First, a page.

Day 95 My ham radio network 5/12/13

Dec 5, 2013 Position: 35.51 S, 111.47 E

My first day in the Indian ocean is drawing to a close. Just finished my dinner, ham stew with rice, very tasty and easy to prepare. I am always hungry at the end of the day and dinner is a highlight. For dessert I had some of my mom’s Christmas cake with marzipan icing. Miles Davis is on the iPod keeping it mellow. It’s been a very good day. A large flying fish landed at my feet early this morning so I cleaned it and cooked it up for breakfast. Lots of sunshine drying us out all afternoon. This morning was very special being able to talk to Marylou for an unusually long  time without losing the sat phone connection. However short our sat phone connection, the connection through our hearts is always very strong and it is what keeps us going over the thousands of miles separating us.

I had a heavenly morning snooze for about 3/4 of an hour. The sound of water rushing past our hull lulled me to sleep. I woke with a burst of energy that I used to get many small jobs done. I gybed the main around noon and took the main down as the wind had filled in nicely and we were doing 6 knots under the jib alone. A couple of the slides at the top of the main needed to be reconnected to the the main sail so I did that as well. I had a very nice radio sked at 08:00 Zulu (4:30 local) on 14.140 mhz with a QSY up to 14.150 to escape some foreign invaders. Cliff ZL4AS is my main contact in NZ and I usually talk to Harvey ZL2HN whose granddaughter Jessica is pictured with him on blog, and Peter ZL2MS who is the first NZ ham I spoke to on my first voyage in 2007. Ron ZL4RMF is another operator from my first voyage as well. Talking to these men is like talking to old friends and their matter of fact, down to earth conversations about every day occurrences bring some normalcy to my everyday life. It is only for 15 to 30 minutes depending on how much power I have, but they are always there for me and I am very grateful for their company and conversation.

After talking to NZ, I gave my 73s to the group and QSY’ed to 7.070 lsb and connected with Alek in Binningup on the coast in Western Australia. Alek VK6APK along with Barry VK6WF were my original Australian ham contacts back in 2007 and as with the NZ group it is wonderful to talk to them again. Alek is a wonderful character and a great supporter as is Barry. Both these gentlemen kid me mercilessly in their very unique Australian way. Alek takes his car down to the beach and points the headlights out to sea and asks me on the radio if I can see him. I am of course a thousand miles away but nevertheless I ask him to put his high beams on and encourage him by telling him that of course I can see him. Barry is an absolute marvel as he is a white cane operator and was the first volunteer operator who stepped up when I was asking for support as I passed Australia on my last voyage in 07. As I sail further west, I gradually sail out of range of the NZ operators and the Australians Alek and Barry pick me up and pass on my daily report to MaryLou and Ron Kolody VE7BGK. Ron is responsible for organizing my ham network for my last voyage.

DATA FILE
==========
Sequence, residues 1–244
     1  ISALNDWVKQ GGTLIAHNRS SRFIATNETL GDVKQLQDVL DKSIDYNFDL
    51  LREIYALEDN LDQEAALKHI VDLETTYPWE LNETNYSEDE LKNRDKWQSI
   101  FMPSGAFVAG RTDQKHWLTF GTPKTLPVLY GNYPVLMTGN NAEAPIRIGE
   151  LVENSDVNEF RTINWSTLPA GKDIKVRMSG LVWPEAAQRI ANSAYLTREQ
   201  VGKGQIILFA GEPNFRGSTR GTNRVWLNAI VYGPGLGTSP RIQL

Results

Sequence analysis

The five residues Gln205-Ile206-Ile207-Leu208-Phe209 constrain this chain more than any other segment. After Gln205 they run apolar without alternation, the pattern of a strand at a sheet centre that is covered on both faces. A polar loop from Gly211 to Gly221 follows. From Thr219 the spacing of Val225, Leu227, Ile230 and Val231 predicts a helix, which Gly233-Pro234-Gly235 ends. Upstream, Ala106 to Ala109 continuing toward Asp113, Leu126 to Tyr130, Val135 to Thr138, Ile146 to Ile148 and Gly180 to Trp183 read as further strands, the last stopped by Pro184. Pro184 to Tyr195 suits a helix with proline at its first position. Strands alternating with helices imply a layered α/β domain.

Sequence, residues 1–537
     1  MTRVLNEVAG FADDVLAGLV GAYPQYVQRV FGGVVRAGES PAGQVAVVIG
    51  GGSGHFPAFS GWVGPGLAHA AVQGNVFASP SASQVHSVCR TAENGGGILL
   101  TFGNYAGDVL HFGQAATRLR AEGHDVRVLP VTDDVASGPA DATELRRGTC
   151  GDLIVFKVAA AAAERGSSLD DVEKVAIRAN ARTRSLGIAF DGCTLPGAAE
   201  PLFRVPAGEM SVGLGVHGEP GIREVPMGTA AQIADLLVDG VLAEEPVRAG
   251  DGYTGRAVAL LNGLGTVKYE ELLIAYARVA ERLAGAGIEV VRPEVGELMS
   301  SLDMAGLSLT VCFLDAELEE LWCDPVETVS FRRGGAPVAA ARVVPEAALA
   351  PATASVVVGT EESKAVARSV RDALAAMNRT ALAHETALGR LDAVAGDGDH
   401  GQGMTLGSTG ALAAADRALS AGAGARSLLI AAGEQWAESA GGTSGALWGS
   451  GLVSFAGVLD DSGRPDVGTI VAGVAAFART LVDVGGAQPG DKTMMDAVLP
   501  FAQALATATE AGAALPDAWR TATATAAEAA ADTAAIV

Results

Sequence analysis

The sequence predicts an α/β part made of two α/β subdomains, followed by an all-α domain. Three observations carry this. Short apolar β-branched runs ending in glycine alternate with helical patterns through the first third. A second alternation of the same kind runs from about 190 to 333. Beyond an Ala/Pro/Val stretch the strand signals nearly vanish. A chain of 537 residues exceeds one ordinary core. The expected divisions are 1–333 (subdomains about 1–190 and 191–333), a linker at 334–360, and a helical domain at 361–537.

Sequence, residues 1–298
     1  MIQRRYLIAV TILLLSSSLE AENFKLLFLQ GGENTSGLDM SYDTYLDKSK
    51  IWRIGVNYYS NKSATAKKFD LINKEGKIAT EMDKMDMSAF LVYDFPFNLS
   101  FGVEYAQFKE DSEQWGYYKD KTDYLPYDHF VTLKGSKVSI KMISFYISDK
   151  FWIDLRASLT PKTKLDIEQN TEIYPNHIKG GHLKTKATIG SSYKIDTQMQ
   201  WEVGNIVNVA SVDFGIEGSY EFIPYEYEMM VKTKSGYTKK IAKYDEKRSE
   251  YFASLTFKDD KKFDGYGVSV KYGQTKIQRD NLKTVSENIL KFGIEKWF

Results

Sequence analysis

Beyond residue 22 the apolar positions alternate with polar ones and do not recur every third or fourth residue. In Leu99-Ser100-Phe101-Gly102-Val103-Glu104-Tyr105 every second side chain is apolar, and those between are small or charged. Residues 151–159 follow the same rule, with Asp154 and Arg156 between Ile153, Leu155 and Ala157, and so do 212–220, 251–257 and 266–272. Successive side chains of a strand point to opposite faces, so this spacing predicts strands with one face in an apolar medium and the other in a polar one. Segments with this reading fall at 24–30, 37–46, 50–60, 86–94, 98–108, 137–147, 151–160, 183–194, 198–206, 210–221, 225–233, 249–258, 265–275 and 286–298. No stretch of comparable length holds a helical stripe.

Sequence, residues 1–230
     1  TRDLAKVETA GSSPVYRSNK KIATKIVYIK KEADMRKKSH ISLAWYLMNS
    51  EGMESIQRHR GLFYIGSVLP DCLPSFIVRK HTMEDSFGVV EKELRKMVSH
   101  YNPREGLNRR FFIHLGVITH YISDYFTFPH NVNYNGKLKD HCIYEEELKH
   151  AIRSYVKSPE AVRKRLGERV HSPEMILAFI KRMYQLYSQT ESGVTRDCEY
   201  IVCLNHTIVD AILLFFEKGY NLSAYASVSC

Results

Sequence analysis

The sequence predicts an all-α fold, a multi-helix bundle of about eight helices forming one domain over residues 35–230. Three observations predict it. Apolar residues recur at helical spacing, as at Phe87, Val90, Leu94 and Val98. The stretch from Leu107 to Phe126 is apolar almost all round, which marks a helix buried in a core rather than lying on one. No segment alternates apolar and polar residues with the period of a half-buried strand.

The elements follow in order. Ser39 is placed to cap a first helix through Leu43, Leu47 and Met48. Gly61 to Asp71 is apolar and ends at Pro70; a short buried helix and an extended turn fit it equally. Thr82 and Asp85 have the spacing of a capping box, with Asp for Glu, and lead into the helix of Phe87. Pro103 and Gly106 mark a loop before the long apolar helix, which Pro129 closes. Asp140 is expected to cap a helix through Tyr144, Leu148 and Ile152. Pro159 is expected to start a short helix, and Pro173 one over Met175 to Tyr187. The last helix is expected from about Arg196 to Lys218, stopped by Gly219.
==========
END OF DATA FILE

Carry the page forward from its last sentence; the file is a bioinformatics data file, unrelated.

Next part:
Ron is always there, working behind the scenes and keeping the network humming from his base in Vancouver. He was my instructor and helped me a great deal to become a qualified ham operator. I am blessed by the number of people who have volunteered to support me on my voyage and I am very grateful to all of them. One day MaryLou and I would very much like to meet them all in person and thank them for their loyalty and support. The sun is setting. It was a very good first day in the Indian Ocean. 

Note: On this day, to mark the passing of Nelson Mandela, I want to add these words to Glenn’s post tonight. Fitting, I thought.  

“I learned that courage was not the absence of fear, but the triumph over it. The brave man is not he who does not feel afraid, but he who conquers that fear.” 

“Do not judge me by my successes, judge me by how many times I fell down and got back up again.”

“It always seems impossible until it’s done.” 

Course 275 T Speed 7 knots Wind S 20 knots Waves S 3-4 m  Cloud 70% Temp 17 C Baro 1011 Miles in last 24 hours: 137 nm Volts 13.80

Comments

  1. Hi Glenn,
    It’s Sunday night here …very cold, about -3. For Victoria, that is nippy.
    I got out on my mountain bike today…icy, but so nice to be in the woods….Mom, Babs, Hugh and Alex are here for dinner tonight. We have the fire lit, so its nice and cozy…

  2. Pat and Fred Lark says:

    Hi Glenn,

    It is -34 C BUT feels like -43 C. Just saying. Happy sailing. Keeping an eye on you as always. Sending a big hug to Marylou and so happy she can connect via sat phone.

    Pat and Fred

  3. Susan Bassett says:

    Wonderful Post! So glad the radio is there to keep you connected!
    Sending fair winds your way!
    Susan

  4. Dama Hanks says:

    Nice tribute to Mandela, Marylou; and wonderful words for Glenn on this journey. Mandela’s passing will be especially poignant as Glenn nears South Africa and the Cape of Good Hope. God speed!

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